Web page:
He drenches them in flowers, offers a sympathetic ear in times of crisis, takes them only to the finest bistros and A-list parties, makes no sexual demands before their time and, when the inevitable breakup occurs, never hurts their feelings. Small wonder that when he rings up Elizabeth Taylor or any number of the world’s other rich and famous (but mostly rich) women, not one of them says, “No thanks, I have to do my nails tonight.”
At 46, actor George Hamilton, the man with the permanent tan (and permanent press face) is positively irresistible.
Even Imelda Marcos, 58, his sometime Malacañang Palace dancing partner, is not immune to his toothy charm. The wife of the exiled former Philippine leader, Ferdinand Marcos, met Hamilton at a Manila film festival in 1982. “Purely platonic,” said Imelda, but the two have since partied and shopped together countless times. Hamilton often entertained Imelda and her guests at his palatial, Spanish-style estate in Beverly Hills. In 1983 he used that house as collateral to secure a $4 million loan from a corporation reported to have had ties with Imelda’s husband. Hamilton’s attorney denies any Marcos connection in the transaction. “Of course he knows Imelda,” says Hamilton’s good pal, producer Bob (Love at First Bite) Kaufman. “But he also knows Rainier, the Aga Khan and other royalty and heads of state. He travels in international circles.”
Ever since he squired First Daughter Lynda Bird Johnson in the mid-’60s, Hamilton has become steadily more celebrated as a top Hollywood escort than as a major actor. Sorry, George, but films such as Angel Baby, By Love Possessed and Zorro, the Gay Blade are hardly the stuff of legend. But if they gave Oscars for dates, well…. Most recently, Mr. Tan has been seen dangling a radiant Liz, 54, from his tuxedoed arm at such events as Swifty Lazar’s Oscar-night bash at Spago last month. “They’re very close friends, but they don’t want to get married,” says Kaufman. “Elizabeth and I laugh at the same things. We’re just having fun,” George has said. That is about all he seems interested in these days. “I don’t just thirst for sex anymore,” he has said. “I thirst for complicity, for the sense of enjoyment together.”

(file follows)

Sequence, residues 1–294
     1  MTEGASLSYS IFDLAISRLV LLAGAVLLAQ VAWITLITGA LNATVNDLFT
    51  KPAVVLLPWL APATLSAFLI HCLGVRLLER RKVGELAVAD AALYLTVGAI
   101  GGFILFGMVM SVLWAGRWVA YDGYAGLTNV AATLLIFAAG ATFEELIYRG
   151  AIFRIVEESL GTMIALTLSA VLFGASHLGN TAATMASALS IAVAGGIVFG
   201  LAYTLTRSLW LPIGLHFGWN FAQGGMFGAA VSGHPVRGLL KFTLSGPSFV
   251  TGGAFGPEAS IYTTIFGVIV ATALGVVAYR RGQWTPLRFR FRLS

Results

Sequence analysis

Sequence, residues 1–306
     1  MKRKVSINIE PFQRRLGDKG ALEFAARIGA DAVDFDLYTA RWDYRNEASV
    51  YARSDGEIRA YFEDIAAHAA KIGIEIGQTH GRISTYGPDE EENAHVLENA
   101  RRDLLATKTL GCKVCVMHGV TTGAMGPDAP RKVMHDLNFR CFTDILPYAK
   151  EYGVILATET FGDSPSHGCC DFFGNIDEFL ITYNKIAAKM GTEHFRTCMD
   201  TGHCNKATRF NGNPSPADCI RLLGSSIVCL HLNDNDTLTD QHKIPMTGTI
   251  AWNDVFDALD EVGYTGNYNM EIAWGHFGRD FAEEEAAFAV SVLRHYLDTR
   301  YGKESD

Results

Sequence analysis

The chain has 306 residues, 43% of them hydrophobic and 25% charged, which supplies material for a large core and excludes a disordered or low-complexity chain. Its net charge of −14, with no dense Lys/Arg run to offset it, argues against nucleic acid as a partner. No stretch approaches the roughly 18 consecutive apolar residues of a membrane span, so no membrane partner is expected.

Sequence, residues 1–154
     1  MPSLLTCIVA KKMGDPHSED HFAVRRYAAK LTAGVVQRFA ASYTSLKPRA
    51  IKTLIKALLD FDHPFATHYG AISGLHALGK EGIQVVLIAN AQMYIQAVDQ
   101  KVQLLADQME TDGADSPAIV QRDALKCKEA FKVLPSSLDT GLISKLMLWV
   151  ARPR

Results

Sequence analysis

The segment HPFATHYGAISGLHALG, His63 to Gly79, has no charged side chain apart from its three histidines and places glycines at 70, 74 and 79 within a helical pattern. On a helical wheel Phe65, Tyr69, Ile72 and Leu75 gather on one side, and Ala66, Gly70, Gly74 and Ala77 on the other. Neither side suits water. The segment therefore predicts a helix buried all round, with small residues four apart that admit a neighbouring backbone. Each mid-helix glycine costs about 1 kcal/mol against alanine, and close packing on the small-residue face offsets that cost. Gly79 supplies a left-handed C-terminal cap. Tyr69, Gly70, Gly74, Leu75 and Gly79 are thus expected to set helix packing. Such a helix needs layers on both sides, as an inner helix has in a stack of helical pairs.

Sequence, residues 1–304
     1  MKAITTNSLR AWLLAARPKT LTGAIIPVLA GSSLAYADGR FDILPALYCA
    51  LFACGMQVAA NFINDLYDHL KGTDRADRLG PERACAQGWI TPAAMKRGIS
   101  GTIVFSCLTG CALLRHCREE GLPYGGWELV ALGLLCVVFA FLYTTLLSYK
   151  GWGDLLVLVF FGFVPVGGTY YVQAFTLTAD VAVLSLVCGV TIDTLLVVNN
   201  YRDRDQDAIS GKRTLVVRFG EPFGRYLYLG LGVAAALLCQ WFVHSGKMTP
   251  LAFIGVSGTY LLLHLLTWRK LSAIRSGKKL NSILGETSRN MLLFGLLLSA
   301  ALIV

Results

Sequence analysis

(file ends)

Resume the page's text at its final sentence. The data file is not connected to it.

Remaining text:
Boy, has he been doing some enjoying over the years. There was his four-year marriage to Alana Stewart (they have a son, Ashley, 10), which broke up in 1976. There were major flings with such loves as actress Britt Ekland and model Liz Treadwell, and dalliances with the likes of Phyllis (Vegas) Davis, Sylvia (Emmanuelle) Kristel, Vanessa Redgrave, Charlotte Ford, Wendy Vanderbilt and Jeanne Moreau. Then there was British model Felicity Waters. And then there was also his Dynasty co-star, Catherine Oxenberg. George left the show last November, possibly, as the joke goes, because he had a scheduling conflict with his date book.
Right now there is only one big question around Hollywood: “How does George do it?”